The Pew report on Israel: Should we be ashamed?
Is Israel an intolerant and divided society? A casual reading of the Pew Report on Israel, entitled “Israel’s Religiously Divided Society” released this week would proclaim a resounding yes. But a deeper look at the figures reveals that despite differing on some key issues we are deeply committed to one another, common ideals, and we display a paradox that may easily be overlooked by the average researcher. Now is the time to act on these insights and advance a stronger future for Israel and the Jewish people.
Israel has always been fertile ground for healthy debate and the Jewish people have rarely missed an opportunity to argue. So it is no surprise that Israelis today are wrestling with each other over how this relatively young country should run its business. And few subjects get as hot and divisive as religion.
In the public sphere, legal system, politics, and pragmatically over whether to run public transportation on Shabbat, civil marriage, etc. we Israelis are entrenched in an internal war with ourselves and the stakes around legislation are high. So when the Pew researchers asked us whether we would like halakha to be state law, the results were polarizing. The vast majority of religious Jews were in favor (86% of Haredim and 69% of the Religious Zionist), whereas Masorti (traditional) and Secular Jews were clearly against (90% and 57% respectfully). This divide tears at the country’s fabric as each side struggles to advance a vision and identity at odds with the other. In fact, Pew researchers found that the two sides of this divide are so set in their ways that they aren’t even marrying one another.
Usually a gauge for tolerance, researchers asked about friendships with Jews of other communities and if we were comfortable with the idea of our children marrying someone from the other side. The responses were strongest amongst Secular (95%) and Haredi (93%) who were least willing to have their children marry one another.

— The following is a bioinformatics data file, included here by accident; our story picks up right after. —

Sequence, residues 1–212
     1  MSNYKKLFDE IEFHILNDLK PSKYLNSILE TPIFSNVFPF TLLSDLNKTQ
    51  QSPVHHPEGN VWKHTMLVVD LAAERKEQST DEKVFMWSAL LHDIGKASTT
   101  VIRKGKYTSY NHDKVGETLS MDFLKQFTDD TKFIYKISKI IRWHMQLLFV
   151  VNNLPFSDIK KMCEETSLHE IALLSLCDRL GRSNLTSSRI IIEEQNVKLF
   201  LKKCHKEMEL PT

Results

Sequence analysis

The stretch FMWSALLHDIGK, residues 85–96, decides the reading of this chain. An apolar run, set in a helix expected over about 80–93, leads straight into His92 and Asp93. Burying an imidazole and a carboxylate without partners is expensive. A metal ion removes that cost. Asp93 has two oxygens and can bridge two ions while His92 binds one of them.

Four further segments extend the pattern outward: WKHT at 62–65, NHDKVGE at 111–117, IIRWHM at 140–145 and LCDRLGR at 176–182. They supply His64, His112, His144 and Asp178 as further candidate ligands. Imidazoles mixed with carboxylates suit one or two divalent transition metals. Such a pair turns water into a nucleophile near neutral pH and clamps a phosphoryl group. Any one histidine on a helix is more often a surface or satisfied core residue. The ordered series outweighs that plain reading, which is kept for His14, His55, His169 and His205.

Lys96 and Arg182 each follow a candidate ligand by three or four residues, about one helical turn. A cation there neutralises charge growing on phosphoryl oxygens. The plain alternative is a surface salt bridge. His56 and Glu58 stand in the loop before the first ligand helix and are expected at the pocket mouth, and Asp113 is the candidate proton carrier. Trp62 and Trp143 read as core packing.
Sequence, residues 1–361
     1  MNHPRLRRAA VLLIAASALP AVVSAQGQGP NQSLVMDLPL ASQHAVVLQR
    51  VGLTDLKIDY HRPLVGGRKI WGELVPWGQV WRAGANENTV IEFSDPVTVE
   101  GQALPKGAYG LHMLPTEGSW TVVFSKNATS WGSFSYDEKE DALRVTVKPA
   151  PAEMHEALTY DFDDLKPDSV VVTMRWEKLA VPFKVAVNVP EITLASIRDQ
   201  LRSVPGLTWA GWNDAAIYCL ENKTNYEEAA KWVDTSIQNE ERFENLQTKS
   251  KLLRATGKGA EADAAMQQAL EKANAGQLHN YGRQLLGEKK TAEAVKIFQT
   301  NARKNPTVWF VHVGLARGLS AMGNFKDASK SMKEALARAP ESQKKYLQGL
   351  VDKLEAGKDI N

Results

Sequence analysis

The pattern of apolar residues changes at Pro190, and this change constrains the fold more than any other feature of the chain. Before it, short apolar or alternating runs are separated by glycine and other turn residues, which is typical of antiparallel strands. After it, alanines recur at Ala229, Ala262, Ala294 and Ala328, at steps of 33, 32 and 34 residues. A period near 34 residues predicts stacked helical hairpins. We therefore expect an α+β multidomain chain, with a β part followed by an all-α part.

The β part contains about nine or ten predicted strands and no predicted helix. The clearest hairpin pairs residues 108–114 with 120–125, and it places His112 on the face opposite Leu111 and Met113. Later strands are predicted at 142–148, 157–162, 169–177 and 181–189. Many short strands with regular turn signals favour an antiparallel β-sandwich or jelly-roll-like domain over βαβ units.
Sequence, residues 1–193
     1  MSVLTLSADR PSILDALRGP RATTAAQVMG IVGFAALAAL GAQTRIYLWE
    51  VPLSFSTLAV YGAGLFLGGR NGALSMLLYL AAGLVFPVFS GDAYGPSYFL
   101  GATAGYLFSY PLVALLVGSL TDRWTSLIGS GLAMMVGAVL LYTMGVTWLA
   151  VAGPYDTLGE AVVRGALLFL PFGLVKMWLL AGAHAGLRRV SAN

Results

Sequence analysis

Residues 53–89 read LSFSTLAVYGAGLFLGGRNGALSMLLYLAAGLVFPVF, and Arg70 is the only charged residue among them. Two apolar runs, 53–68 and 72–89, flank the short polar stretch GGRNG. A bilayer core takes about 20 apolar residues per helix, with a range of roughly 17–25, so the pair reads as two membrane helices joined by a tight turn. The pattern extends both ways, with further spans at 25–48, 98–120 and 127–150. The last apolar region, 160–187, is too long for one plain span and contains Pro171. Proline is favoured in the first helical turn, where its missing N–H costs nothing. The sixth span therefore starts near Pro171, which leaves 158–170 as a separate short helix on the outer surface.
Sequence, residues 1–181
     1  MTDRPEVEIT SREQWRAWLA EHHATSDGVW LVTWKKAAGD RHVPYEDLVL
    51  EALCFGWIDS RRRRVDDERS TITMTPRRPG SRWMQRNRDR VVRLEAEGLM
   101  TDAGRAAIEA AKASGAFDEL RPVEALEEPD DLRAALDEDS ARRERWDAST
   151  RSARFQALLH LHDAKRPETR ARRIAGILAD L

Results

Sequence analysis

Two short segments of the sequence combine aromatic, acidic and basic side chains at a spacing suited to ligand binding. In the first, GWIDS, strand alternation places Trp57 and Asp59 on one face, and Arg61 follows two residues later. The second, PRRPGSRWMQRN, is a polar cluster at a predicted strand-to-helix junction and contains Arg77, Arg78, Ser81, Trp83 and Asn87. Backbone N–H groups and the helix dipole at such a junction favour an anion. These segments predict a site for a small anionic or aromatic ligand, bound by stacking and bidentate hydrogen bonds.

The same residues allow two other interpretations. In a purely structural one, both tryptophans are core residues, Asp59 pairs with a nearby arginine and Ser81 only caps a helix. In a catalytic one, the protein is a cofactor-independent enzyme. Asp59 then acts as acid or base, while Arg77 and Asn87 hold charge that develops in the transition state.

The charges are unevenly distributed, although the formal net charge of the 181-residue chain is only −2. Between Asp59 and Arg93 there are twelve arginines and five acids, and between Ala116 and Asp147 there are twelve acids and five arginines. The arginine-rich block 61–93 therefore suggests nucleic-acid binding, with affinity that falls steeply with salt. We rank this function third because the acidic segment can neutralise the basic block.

But is this unwillingness to have our children marry someone from the other side of the Jewish spectrum necessarily a sign of intolerance and division? Another statistic presents a paradox that challenges such a notion.
When comparing results of this study on Israel to another Pew study of American Jewry, the researchers discovered a critical trait often overlooked or under-appreciated in our time. In Jewish terminology, we call it areivut.
It is neatly described on page 55 of the report:
“Israeli and American Jews also feel similar connections to the Jewish people more broadly defined. More than nine-in-ten in both groups say they are proud to be Jewish. Three-quarters or more of Jews in both countries say they feel a strong sense of belonging to the Jewish people (88% in Israel, 75% in the U.S.). And more than half of Jews in Israel (55%) and a solid majority in the United States (63%) say they feel a special responsibility to care for fellow Jews in need around the world.”
This caring for Jews around the world, feeling a strong connection to our brethren despite their distance, and ability to argue vehemently one minute while working hand in hand to build a future the next, is deeply engraved in the DNA of our culture. It is one of our greatest strengths as a people. But it doesn’t mean we all need to be the same.
Jews of different stripes should not be forced to marry one another and create some blur of ideology or identity. Wanting to preserve and advance one’s ideology is nothing to be ashamed of. Rather than closed-mindedness, it might actually encapsulate passion and strength. Our vision for Israel is not one blur of black and white, Bnei Brak and Tel Aviv. Each community is deeply committed to its ideology and we should respect that. Each sector brings its strengths to the table and our challenge is to make Israel’s whole greater than the sum of its parts.
The statistics, insights and graphs of the Pew Report are likely to spawn a storm of Jewish debate around Israel’s character and ideals that are important to hash out for the sake of our future. Some will use the information to defend entrenched ideologies while others will do the same to attack. But I fear that few will use the opportunity to engage in honest conversation and open the lines of communication between our communities in order to build a stronger future. Instead of using the statistics to bash one another, let’s agree on some of the findings as starting points to jointly drive positive change. Where there is good, let us encourage more. Where there are problems, let’s use the report to focus on finding solutions. And most of all where there is isolation and separation, lets us look for ways to engage. Not to water down ideals or send off our children to another sector, but to strengthen that areivut, deep commitment to one another despite our differences, and find a way forward in building this young country — together.